Background: Although bone repair is a relatively efficient process, a significant portion of patients fail to heal their fractures. Because adequate blood supply is essential to osteogenesis, the authors hypothesize that augmenting neovascularization by increasing the number of circulating progenitor cells will improve bony healing.
Methods: Bilateral full-thickness defects were created in the parietal bones of C57 wild-type mice. Intraperitoneal AMD3100 (n = 33) or sterile saline (n = 33) was administered daily beginning on postoperative day 3 and continuing through day 18. Circulating progenitor cell number was quantified by fluorescence-activated cell sorting. Bone regeneration was assessed with micro–computed tomography. Immunofluorescent CD31 and osteocalcin staining was performed to assess for vascularity and osteoblast density.
Results: AMD3100 treatment increased circulating progenitor cell levels and significantly improved bone regeneration. Calvarial defects of AMD3100-treated mice demonstrated increased vascularity and osteoblast density.
Conclusions: Improved bone regeneration in this model was associated with elevated circulating progenitor cell number and subsequently improved neovascularization and osteogenesis. These findings highlight the importance of circulating progenitor cells in bone healing and may provide a novel therapy for bone regeneration.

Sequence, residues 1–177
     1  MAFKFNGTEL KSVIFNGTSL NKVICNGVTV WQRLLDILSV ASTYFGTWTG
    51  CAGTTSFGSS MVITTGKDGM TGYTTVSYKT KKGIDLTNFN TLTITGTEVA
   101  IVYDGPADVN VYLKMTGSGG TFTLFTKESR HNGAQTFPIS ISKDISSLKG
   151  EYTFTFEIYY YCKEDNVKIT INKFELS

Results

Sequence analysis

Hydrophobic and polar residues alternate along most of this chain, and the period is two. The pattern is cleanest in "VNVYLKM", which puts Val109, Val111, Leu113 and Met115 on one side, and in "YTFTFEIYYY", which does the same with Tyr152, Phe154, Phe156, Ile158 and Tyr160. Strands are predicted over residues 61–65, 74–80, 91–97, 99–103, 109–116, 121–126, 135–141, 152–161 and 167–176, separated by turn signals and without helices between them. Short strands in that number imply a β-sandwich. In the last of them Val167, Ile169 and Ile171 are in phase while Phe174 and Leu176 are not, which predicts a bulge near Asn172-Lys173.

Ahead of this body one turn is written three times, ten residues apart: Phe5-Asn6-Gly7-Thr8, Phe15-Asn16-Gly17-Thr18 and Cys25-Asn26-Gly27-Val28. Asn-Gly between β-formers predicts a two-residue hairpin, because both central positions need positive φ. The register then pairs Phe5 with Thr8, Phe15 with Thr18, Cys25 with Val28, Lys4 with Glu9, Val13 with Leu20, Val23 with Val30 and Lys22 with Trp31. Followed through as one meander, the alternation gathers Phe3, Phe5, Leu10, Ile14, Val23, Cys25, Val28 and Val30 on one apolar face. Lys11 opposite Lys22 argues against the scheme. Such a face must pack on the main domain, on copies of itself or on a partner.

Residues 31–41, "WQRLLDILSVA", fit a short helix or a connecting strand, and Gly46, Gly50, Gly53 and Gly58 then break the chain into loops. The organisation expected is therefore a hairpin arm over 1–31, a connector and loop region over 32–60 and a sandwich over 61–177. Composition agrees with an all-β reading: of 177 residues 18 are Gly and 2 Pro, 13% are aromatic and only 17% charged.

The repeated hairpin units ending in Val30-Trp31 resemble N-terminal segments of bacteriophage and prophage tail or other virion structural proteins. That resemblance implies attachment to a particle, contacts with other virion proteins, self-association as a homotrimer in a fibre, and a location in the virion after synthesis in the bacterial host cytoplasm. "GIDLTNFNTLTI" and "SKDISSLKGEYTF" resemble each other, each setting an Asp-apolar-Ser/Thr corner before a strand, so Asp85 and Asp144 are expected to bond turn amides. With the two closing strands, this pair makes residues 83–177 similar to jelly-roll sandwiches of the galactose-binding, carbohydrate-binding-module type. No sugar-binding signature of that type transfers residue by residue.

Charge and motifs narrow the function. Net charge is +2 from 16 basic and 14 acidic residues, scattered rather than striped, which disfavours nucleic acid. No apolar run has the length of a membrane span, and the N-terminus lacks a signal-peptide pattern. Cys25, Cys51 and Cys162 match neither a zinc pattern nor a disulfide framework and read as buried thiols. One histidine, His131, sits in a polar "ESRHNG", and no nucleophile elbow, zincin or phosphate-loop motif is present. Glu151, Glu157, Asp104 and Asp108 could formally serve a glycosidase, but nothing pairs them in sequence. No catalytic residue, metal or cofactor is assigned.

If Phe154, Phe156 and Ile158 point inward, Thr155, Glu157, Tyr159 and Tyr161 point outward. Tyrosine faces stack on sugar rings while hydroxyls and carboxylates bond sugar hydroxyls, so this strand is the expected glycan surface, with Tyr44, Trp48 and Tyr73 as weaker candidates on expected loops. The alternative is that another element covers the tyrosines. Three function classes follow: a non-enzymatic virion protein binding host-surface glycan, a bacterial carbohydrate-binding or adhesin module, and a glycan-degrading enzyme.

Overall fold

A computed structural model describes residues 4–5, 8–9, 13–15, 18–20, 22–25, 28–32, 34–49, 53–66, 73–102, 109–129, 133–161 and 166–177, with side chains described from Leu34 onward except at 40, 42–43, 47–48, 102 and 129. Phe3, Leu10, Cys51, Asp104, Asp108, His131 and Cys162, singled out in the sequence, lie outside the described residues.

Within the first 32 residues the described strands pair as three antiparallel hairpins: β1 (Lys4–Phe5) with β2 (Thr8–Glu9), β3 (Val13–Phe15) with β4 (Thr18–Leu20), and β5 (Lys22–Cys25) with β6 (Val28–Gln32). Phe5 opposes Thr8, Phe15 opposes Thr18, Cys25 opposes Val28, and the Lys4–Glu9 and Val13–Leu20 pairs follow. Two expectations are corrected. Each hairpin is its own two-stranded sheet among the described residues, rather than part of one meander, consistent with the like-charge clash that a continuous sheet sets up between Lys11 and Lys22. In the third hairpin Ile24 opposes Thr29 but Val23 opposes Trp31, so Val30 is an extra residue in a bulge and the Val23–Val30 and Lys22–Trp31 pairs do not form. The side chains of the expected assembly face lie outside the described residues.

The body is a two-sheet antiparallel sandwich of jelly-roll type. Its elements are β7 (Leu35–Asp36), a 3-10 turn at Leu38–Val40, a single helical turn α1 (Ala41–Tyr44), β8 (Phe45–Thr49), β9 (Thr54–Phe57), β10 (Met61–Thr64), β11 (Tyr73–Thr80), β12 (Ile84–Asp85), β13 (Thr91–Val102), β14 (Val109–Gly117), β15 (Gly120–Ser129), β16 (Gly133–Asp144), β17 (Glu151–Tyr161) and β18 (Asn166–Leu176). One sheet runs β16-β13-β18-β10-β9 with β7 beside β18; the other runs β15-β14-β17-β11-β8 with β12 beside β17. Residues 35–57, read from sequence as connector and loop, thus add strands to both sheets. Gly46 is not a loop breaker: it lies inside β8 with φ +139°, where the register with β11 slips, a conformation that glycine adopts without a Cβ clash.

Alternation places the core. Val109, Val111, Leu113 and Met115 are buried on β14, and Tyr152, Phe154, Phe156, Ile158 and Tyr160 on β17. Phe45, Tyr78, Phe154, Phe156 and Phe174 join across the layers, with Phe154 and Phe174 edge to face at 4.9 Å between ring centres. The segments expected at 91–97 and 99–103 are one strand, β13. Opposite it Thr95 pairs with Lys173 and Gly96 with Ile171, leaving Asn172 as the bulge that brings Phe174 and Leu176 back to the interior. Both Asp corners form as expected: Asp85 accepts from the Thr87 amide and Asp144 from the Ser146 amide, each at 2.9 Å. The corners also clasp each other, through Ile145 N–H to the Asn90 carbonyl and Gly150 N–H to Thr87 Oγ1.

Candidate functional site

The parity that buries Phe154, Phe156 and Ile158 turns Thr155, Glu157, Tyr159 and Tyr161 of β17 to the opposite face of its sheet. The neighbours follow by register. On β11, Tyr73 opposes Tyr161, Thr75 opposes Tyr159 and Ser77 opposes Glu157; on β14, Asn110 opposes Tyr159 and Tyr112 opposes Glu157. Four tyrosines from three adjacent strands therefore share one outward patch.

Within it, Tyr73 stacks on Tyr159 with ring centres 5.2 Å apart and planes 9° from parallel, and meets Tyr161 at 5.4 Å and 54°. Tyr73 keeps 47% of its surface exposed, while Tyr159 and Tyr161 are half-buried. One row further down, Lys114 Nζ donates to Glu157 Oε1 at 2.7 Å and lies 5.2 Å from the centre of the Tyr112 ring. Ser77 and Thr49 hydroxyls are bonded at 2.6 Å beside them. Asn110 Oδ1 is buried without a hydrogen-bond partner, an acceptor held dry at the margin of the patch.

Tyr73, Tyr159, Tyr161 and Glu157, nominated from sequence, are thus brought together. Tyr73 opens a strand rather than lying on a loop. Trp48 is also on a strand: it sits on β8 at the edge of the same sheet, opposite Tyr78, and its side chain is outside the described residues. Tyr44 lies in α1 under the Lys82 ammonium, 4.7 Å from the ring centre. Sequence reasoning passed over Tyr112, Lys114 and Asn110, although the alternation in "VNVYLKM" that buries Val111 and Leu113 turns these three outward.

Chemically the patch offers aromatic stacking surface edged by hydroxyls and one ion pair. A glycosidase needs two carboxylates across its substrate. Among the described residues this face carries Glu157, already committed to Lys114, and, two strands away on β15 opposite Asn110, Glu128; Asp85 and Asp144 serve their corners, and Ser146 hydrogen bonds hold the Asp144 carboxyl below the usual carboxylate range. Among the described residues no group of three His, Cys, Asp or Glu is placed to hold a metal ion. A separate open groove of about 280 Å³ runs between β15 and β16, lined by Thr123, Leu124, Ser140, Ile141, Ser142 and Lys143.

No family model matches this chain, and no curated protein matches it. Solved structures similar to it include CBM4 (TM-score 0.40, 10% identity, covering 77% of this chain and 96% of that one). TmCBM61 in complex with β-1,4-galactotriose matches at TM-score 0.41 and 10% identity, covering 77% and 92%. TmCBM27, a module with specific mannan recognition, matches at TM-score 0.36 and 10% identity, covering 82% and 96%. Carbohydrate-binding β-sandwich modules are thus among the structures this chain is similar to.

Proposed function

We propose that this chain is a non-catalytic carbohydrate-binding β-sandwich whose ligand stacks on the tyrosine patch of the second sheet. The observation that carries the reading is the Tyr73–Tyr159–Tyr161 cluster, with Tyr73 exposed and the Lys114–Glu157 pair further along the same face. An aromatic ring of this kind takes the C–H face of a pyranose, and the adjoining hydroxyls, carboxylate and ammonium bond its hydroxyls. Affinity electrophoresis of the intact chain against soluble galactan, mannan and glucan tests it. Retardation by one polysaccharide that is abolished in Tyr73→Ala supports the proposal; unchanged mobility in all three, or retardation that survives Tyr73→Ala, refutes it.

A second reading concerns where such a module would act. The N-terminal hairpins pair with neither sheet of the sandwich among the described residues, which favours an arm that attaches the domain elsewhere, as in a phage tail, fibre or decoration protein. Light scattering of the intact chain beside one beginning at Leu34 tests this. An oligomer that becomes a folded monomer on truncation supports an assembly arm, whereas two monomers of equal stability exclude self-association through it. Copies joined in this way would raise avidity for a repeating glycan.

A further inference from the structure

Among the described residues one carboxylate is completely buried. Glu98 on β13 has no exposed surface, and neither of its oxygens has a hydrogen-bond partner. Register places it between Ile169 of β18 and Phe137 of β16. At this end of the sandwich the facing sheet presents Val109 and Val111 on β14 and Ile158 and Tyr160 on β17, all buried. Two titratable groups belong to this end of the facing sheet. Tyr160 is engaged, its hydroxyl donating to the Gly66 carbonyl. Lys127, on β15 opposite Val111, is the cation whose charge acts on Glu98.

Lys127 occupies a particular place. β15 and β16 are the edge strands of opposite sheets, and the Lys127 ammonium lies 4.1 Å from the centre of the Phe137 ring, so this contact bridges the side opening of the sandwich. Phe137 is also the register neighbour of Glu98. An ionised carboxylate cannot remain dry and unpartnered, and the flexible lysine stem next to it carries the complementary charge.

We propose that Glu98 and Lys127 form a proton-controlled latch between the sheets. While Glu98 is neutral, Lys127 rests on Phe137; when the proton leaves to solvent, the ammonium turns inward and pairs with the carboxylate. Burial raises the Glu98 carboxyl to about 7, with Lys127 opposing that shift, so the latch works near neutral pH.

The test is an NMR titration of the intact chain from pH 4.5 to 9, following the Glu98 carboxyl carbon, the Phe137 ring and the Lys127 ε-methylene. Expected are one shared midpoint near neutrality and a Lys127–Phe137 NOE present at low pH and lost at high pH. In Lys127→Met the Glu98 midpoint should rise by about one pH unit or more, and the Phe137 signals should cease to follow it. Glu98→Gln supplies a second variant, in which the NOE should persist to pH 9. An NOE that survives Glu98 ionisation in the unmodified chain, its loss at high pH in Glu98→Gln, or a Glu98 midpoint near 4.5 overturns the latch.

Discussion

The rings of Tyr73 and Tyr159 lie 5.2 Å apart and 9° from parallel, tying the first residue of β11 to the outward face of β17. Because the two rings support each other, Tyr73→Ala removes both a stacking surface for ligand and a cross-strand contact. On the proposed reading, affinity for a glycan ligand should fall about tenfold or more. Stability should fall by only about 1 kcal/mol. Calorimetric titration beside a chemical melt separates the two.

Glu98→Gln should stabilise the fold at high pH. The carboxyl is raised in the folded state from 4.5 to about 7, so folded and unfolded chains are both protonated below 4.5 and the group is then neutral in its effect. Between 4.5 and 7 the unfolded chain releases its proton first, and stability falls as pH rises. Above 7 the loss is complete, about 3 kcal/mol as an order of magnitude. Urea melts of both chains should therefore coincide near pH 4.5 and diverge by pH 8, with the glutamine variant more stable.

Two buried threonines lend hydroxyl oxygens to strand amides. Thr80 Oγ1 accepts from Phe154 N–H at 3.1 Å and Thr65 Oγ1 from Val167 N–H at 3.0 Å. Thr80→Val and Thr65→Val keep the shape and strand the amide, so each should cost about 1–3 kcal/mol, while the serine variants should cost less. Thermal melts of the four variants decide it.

New York, N.Y.; and Beijing, People's Republic of China
From the Institute of Reconstructive Plastic Surgery, New York University Langone Medical Center, and the Department of Oral and Maxillofacial Surgery, Peking University School and Hospital of Stomatology.
Received for publication August 6, 2010; accepted February 8, 2011.
Presented in part at the Tissue Engineering and Regenerative Medicine International Society North America 2008 Annual Conference and Exposition, in San Diego, California, December 7 through 10, 2008, and at the 54th Annual Meeting of the Plastic Surgery Research Council, in Pittsburgh, Pennsylvania, May 27 through 30, 2009.
Disclosure: The authors received Plerixafor for experimental use through a nonfinancial relationship with Genzyme. They have no financial interests to declare.
Stephen M. Warren, M.D.; Institute of Reconstructive Plastic Surgery; New York University Medical Center; 560 First Avenue, TCH-169; New York, N.Y. 10016; email@example.com